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Remembering fallen heroes: Hundreds pay respects to nation’s fallen

Brig. Gen. Michael D. Lundy, USAACE and Fort Rucker commanding general, CW5 Allen R. Godfrey, chief warrant officer of the Aviation Branch, and Command Sgt. Maj. Eric C. Thom, command sergeant major of the Aviation Branch, salute after laying a wreath during a Memorial Day ceremony at Veterans Park May 23. (Photo by Nathan Pfau)

Brig. Gen. Michael D. Lundy, USAACE and Fort Rucker commanding general, CW5 Allen R. Godfrey, chief warrant officer of the Aviation Branch, and Command Sgt. Maj. Eric C. Thom, command sergeant major of the Aviation Branch, salute after laying a wreath during a Memorial Day ceremony at Veterans Park May 23. (Photo by Nathan Pfau)

Published: May 29, 2014

FORT RUCKER, Ala. (May 29, 2014) -- Since its inception in 1868, borne out of the Civil War, Memorial Day has served as a day of remembrance for those who have made the ultimate sacrifice in service to the United States, and Fort Rucker is no exception when it comes to showing honors.

People on the installation and surrounding communities came by the hundreds to pay respects to the nation’s fallen Soldiers at Veterans Park May 23.

“Today we honor our fallen comrades in the United States military in the form of remembrance, and with it comes a deep sense of appreciation for their selflessness in protecting the land of the free, and all they’ve done to ensure it stays that way,” said Col. Robert C. Doerer, the U.S. Army Aviation Center of Excellence chief of staff during the ceremony. “It’s because of their resolve that we’re able to enjoy the lives we live today. The lives we’ve grown accustomed to here in America, living free from tyranny and fear.”

Originally dubbed Decoration Day by General John Logan, national commander of the Grand Army of the Republic, on May 30, 1868, according to www.usmemorialday.org, it wasn’t until 1966 that President Lyndon Johnson recognized the day as Memorial Day officially.

For many the day was meant for a day to remember Soldiers, and for others it’s a day to remember the liberation that those Soldiers provided and continue to provide.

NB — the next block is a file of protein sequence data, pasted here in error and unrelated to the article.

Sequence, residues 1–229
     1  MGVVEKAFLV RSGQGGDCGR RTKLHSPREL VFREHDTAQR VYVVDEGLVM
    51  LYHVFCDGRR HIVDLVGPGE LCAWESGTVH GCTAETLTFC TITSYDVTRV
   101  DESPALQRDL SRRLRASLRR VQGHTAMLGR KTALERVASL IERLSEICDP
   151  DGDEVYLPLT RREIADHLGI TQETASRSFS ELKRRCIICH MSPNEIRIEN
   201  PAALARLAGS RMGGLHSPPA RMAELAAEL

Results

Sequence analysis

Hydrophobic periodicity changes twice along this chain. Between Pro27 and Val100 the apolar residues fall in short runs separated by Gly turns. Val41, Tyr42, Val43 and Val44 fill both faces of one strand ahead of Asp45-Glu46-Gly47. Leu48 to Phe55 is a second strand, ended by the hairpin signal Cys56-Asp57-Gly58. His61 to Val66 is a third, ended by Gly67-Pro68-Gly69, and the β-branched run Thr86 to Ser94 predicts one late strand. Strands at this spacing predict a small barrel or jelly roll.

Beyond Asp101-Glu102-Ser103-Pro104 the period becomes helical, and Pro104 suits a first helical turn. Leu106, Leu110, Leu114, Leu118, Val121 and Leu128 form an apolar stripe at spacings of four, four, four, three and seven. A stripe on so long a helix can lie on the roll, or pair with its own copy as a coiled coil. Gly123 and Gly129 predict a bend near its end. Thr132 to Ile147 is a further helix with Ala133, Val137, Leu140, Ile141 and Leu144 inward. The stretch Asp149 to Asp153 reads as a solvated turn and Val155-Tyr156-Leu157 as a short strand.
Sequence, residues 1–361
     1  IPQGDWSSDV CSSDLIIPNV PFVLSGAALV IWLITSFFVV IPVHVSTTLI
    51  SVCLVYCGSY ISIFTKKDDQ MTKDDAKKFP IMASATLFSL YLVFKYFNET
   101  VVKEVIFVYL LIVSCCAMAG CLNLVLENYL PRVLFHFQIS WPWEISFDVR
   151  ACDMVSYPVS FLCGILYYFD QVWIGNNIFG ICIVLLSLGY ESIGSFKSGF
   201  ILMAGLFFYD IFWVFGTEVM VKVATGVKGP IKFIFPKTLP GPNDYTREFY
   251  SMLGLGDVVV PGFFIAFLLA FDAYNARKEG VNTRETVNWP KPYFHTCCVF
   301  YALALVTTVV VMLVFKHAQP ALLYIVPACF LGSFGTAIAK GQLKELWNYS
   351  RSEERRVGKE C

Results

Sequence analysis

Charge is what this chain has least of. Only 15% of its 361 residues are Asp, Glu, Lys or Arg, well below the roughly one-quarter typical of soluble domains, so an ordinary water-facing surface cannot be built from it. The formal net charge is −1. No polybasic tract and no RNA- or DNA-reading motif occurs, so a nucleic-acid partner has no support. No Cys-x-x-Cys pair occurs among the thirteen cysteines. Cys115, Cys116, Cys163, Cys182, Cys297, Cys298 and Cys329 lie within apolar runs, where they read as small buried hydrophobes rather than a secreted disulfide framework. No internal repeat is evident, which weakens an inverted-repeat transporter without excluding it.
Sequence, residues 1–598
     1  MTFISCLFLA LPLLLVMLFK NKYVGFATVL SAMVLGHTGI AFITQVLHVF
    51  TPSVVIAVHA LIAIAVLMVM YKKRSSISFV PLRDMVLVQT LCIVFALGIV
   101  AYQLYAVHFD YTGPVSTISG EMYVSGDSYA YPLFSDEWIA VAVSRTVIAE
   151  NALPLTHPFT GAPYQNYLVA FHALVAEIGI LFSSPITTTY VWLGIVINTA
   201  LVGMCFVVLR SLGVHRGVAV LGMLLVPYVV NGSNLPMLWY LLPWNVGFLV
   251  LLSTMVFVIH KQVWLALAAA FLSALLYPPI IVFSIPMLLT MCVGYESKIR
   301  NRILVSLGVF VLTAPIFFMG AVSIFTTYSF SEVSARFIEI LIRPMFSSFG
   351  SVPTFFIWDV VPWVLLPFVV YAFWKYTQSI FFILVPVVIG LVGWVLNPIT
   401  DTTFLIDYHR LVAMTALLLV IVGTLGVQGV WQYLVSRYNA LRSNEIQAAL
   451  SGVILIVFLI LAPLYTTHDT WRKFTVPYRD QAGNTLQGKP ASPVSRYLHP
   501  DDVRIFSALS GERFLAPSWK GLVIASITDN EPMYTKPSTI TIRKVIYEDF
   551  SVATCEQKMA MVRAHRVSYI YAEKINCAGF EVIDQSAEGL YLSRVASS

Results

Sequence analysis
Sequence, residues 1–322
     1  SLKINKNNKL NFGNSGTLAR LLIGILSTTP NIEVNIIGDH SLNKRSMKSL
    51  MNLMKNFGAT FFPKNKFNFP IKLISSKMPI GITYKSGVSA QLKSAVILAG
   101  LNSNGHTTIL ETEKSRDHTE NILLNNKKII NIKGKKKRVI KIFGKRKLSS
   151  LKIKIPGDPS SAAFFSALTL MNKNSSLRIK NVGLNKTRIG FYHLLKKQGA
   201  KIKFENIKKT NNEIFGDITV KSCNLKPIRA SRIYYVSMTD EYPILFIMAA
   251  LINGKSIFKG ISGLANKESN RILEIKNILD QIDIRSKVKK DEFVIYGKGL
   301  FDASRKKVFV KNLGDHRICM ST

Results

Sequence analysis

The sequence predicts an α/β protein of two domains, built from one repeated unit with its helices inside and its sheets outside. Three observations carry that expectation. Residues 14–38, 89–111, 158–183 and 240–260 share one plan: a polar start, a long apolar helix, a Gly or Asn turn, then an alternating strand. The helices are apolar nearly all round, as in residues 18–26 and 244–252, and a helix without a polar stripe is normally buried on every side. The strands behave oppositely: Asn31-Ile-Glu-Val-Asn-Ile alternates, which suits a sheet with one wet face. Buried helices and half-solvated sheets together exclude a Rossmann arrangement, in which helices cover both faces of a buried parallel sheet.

Lt. Col. Eric Merck, French liaison officer to USAACE and Fort Rucker, said that he and his country will never forget the contributions that the U.S. armed forces played in the liberation of France in World War II.

“I know in my flesh that France will never forget,” he said during the ceremony. “We, the French people, owe you our liberty and we will never forget. The image of the liberation of France by American G.I.’s is a part of our collective memory.”

Merck said that the French Republic is to bestow the Legion of Honor to all living World War II veterans who fought on French soil as a means of gratitude in playing their part in the liberation.

“It is the highest honor that France can bestow upon those who perform remarkable deeds for France,” said the French liaison officer. “You wanted France to be free, and you fought to liberate France. Is there any higher deed than yours?

“You were so young, yet you were ready to sacrifice your young lives for our freedom,” he said about the veterans. “You wrote some of the most gallant pages of military history, some of you fought under the worst conditions for almost four years, and your courage was extraordinary, and for that we will never forget.”

Merck comes from a long line of military service members who fought in both World Wars, so he said that the sacrifices that Soldiers have made hits close to home for him.

“You gave your blood to France and to the French people,” he said. “Indeed, many of your veterans never saw France liberated and they will stay forever in Normandy – they will stay forever in our hearts.”

For the sacrifices that were made, Doerer said it’s a debt that will never be able to be fully repaid, but people can start by remembering.

“Each and every one of us owes a great debt to the courageous men and women who have given their lives to protect us,” said the USAACE chief of staff. “While giving back to the extent that they deserve is impossible, today, as we should every day, we merely attempt to repay in the form of remembrance.”

Charlie Stanhope, military veteran, is hoping to do just that for his brothers and sisters in arms.

“I’m proud to have served my country, and it makes me even prouder to be able to honor those that came before me and allowed me to have the choice to serve the country that I love so much,” he said. “I come from a time when the military wasn’t appreciated as much as it is now, so to see the overwhelming support that these people have for the Soldiers of today and those of the past is amazing — we’ve come a long way.”

This article was originally published at http://www.army.mil/article/126963/

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